Captain Jason

The latest news on the recover of Jason after his injury in Iraq by an IED.


Pictures

Snail Mail:

Cpt. Jason Scott
WRAMC Building 20
Mologne House Hotel #316
6900 Georgia Ave. NW
Washington DC 20307

Phone: 202 577 0092

Sunday, March 05, 2006

A Restful Sunday

Both Jason and I slept in this morning. I awoke about 8, the latest I have slept in since my arrival in October. Went downstairs to get the morning bagel and cream cheese and burnt the first one in the toaster. I didn't know until I offered to Jason and he said, "This IS bad." Downstairs to try again, more successfully.

Jason finished the bagel, got ready and we both headed over to WR about 10:30. I was carrying the model of Jason's hip as I had told the PT's I would bring it over for them to see. Corwin said, "Let me see that, then I can give Jason exercises to meet his needs." Corwin then proceeded to bring out the biggest exercise ball I have seen. He had Jason put his legs on the top and draw up his stomach, Jason was able to bend his legs very close to 90 degrees. I am amazed at the difference within one week of surgery. Lots of stretches again for Jason and gladness at his continued healing.

I caught up with Jason in the room after attending liturgy in the fairly full chapel for the first Sunday in Lent. Lois and Dan Spoden were stopping by about 1:30 for a movie and lunch. We all went out together to Silver Spring. It was much easier for Jason to get in and out of the SUV this trip. We ate at Bowls of Noodles and attended two different shows: Dan and Jason to "16 Blocks" and Lois and I to "Nanny McPhee." After Jason headed for the bookstore but couldn't find anything he wanted we all headed back to Mologne. Lois and Dan dropped us off and we headed to the room to watch...the Oscars! If you watched, hope you enjoyed them as we did.

Saying Good bye and Hello

I said "Goodbye" to another one of the parents whose son was with Jason on Ward 65. They leave on Tuesday. She is very happy as WR saved her son's leg. He will be going home with a halo on his leg and return periodically as necessary.

I met a Vietnam veteran, a relative of one of the soldiers who was on 58 with Jason. He informed me about:

1. The work of the Vietnam Vets to establish "Veteran Centers" as there was no services available for them when they returned. They focus on peer counseling and their work with PTSD/peer support were not accepted by the VA. The VA is now trying to establish similar centers of care and support for the Iraqi vets. He encouraged Jason and family members to use the services. What he found most supportive was that it is peer run and soldiers are always available to talk to soldiers. He said that no one outside of the combat zone can understand the experiences in war. He also said it is hard to understand especially the need to be alone sometimes. He said this was especially hard on wives. In one group he attended 5 soldiers had 17 spouses, including his own two.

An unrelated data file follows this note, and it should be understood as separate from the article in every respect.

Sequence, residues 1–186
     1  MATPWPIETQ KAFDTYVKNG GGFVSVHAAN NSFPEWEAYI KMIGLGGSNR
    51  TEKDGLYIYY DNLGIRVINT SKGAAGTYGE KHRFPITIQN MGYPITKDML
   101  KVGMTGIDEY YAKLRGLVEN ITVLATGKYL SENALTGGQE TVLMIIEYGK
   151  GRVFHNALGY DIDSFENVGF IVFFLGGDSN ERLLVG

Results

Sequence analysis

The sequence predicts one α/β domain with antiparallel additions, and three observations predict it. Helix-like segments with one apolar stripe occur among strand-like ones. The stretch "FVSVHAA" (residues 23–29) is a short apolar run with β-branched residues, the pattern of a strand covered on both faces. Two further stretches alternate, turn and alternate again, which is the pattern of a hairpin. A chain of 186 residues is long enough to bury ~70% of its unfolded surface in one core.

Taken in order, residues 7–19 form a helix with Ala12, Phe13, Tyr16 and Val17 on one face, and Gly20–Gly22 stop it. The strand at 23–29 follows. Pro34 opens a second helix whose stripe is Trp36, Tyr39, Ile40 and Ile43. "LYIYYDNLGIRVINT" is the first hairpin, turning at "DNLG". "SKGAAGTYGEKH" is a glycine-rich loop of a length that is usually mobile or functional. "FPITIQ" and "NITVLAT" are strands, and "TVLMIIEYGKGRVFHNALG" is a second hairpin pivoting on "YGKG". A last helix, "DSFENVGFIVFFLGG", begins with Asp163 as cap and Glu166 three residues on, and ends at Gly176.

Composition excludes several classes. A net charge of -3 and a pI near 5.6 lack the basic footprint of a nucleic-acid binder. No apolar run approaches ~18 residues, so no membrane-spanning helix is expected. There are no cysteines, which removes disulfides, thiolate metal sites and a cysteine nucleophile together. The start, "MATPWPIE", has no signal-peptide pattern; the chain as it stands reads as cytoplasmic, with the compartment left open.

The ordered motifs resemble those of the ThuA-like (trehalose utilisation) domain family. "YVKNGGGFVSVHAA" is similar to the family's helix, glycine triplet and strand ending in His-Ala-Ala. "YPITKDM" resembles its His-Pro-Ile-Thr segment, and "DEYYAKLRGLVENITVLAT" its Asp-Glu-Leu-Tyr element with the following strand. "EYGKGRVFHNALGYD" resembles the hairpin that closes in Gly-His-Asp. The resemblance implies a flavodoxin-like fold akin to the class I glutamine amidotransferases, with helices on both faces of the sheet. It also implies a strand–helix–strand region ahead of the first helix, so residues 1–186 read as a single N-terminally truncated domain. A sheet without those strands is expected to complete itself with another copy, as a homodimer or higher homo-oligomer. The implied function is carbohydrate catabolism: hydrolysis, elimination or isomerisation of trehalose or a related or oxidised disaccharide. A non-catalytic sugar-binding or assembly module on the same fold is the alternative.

2. He talked about how important it is for the soldier to attend reunions of his unit. There he can talk about what he chooses to talk about his combat experiences to those who were with him. He said this is has been a really important support "and it is over 35 years after Vietnam."

Let us pray for Jason's continual healing and healing of all the veterans of all wars. May we hold them tenderly in our hearts and good thoughts and prayers. Blessings and may you have a night of good and peaceful rest.

2 Comments:

Anonymous Inarticulate Today said...

Hello,

Thank you so much for putting together this BLOG. I had no idea so many people were reporting their experiences online. Please don't let these people be forgotten! The biggest newspapers in the world fail to do what you and others like you are doing - making us remember that in the end, all of this is about people. Real people, with lives, hopes, dreams, friends, families, loved ones.

Whatever you believe politically, you're basically given a one-dimensional view of world events from the media of your choice. For me, a mother's reaction to seeing a mouse eating is so much more profound than all the high-tech images, realtime feeds, expert analysis.

Like it or not, we're ALL in this together (the big "this"), and eventually we will learn to live together or we will perish. If we're to survive, it will be by returning to our humanity, which means never forgetting the human side of life (and death), no matter where, how or why.

So please keep up the good work, I think it's important, and I know it means a lot to many people. My warmest wishes are with you, Jason and everyone else. Be well...

Monday, March 06, 2006 10:55:00 AM  
Blogger Katy, Jason's mom said...

Thank you for your very kind thoughts. You are not inarticulate, but convey beautifully your feelings and experience of the blog. I had never read a blog until Jason was injured in October. One of the RN's here at WR suggested the blog as a way to stay in contact with family and friends.

Welcome to the circle of those who hold Jason and all the soldiers tenderly throughout the world. May they all return to their homes in peace.

Monday, March 06, 2006 9:44:00 PM  

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